Your site should now run locally, but you still have to share your secrets with Heroku. Luckily this is really easy. Just go to your Heroku dashboard, select your app, go to settings and hit the ‘Reveal config vars’ button. Here is where you put in your secrets.

Now you have to solve a problem. Try and deploy your Heroku app now if you want, but it probably won’t work because it won’t be able to collect your static files. Remember when Django Girls had you enter this in your wsgi.py file?:

from whitenoise.django import DjangoWhiteNoise
application = DjangoWhiteNoise(application)

Go ahead and delete those lines. That information is outdated. Instead, you do this in your settings.py file:

MIDDLEWARE = [
'django.middleware.security.SecurityMiddleware',
'whitenoise.middleware.WhiteNoiseMiddleware',
...

The new line is the ‘whitenoise’ one, but I included the others so you can see where it has to be positioned. Right after the security line and before the others. That’s it. This made my static files stop working, but I fixed it by moving the folder from my blog app folder to my base project folder – whether that is ‘best practice’ or not, I do not know, but it’s what worked for me. At this point I thought I’d fixed my problem and went to try deploying again, and again, it did not work. My research took me to Heroku’s deployment guide for Django apps. After doing what we’ve just done with whitenoise, they want you to put this in your settings.py file:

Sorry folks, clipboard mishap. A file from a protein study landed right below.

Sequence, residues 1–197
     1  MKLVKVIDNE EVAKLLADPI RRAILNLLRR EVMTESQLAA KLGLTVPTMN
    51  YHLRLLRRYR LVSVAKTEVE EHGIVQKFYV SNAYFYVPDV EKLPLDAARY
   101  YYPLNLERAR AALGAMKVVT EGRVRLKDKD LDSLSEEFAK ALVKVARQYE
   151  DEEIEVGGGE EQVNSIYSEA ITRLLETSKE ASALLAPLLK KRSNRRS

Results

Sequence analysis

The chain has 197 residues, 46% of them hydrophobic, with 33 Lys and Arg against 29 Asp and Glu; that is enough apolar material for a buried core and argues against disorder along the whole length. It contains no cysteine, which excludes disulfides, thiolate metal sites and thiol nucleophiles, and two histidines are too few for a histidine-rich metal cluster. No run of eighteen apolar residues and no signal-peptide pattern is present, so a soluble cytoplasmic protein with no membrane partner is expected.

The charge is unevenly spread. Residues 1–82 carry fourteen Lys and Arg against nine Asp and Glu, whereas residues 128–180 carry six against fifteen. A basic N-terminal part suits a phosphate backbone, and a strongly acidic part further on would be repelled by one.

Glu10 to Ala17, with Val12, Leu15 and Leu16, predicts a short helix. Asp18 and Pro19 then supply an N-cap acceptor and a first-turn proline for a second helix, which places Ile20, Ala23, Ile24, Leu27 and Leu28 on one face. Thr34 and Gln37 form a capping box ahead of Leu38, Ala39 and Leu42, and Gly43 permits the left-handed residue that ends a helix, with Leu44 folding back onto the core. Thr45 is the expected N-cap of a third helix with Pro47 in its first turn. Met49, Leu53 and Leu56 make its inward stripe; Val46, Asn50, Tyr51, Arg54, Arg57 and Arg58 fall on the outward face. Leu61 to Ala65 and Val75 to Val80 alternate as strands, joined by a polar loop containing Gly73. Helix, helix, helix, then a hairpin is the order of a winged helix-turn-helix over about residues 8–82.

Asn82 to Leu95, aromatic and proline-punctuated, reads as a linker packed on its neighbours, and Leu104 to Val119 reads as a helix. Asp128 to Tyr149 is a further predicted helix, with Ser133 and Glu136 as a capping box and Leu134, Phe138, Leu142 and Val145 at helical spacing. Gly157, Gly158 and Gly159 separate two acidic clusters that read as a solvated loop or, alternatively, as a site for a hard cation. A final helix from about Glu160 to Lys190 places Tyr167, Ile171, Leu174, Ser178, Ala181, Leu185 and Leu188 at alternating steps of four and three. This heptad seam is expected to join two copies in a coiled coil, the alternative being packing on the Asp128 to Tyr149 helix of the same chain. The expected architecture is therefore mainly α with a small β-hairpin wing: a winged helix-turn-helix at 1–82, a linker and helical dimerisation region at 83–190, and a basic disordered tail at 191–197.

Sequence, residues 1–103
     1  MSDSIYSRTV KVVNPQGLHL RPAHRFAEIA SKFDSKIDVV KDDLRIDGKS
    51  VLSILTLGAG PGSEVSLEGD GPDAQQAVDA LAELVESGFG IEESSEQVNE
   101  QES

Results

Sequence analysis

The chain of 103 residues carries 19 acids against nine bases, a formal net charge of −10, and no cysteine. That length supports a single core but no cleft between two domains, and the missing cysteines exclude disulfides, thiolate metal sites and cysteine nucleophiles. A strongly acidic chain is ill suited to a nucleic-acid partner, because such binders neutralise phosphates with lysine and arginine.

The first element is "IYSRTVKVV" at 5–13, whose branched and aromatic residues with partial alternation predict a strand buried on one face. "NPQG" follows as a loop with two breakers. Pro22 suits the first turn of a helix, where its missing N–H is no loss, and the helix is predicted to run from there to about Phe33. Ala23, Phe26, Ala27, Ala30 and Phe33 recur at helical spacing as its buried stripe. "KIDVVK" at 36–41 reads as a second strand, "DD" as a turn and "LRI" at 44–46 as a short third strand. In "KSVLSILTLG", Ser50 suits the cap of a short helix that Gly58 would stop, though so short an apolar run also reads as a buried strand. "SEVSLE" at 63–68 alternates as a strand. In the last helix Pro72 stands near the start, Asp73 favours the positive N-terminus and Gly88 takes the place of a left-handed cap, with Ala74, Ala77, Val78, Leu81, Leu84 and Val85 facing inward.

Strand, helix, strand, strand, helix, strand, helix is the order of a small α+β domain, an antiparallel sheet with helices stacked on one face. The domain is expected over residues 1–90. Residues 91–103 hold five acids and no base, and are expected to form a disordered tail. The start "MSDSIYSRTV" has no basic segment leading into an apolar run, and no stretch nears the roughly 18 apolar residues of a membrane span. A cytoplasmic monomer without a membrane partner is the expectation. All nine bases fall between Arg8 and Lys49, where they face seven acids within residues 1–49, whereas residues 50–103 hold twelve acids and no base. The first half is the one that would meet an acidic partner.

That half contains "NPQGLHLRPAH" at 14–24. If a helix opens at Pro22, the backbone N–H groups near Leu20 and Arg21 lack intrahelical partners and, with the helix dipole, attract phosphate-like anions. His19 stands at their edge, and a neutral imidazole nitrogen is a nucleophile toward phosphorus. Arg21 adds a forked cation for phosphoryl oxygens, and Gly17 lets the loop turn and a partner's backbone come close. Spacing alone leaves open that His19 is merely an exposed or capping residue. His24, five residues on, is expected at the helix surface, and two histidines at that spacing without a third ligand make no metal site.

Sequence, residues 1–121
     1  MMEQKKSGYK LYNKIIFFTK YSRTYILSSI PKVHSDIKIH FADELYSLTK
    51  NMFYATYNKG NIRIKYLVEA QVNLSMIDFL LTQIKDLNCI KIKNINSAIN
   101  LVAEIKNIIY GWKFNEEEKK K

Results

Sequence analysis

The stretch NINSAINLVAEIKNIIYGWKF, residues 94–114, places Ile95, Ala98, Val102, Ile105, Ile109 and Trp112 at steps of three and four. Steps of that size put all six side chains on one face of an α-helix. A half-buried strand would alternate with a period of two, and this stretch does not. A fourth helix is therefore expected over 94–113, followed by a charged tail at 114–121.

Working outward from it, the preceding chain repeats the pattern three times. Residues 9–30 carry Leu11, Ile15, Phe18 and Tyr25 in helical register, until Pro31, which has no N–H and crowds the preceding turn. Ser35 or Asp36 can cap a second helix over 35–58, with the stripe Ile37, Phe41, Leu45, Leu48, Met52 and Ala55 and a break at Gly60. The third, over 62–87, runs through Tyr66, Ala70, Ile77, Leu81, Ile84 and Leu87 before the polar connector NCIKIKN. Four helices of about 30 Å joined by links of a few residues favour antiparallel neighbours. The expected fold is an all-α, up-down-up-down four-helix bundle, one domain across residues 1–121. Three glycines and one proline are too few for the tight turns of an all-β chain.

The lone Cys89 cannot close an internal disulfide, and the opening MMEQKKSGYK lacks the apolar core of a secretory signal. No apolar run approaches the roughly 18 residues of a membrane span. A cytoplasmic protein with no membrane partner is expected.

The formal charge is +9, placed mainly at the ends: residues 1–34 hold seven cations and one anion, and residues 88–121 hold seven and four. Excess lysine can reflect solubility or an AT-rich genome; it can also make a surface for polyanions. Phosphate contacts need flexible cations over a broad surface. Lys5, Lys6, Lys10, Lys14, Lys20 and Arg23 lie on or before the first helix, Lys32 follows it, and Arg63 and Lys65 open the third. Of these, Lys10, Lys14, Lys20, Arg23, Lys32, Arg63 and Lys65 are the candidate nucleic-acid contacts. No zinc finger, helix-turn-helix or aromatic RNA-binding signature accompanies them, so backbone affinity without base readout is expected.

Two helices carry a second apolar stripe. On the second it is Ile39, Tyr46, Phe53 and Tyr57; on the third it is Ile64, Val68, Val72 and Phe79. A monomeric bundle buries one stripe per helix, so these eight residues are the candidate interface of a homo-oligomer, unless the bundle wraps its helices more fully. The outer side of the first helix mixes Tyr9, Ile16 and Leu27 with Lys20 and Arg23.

BASE_DIR = os.path.dirname(os.path.dirname(os.path.abspath(__file__)))

# Static files (CSS, JavaScript, Images)
# https://docs.djangoproject.com/en/1.9/howto/static-files/
STATIC_ROOT = os.path.join(BASE_DIR, 'staticfiles')
STATIC_URL = '/static/'

# Extra places for collectstatic to find static files.
STATICFILES_DIRS = (
os.path.join(BASE_DIR, 'static'),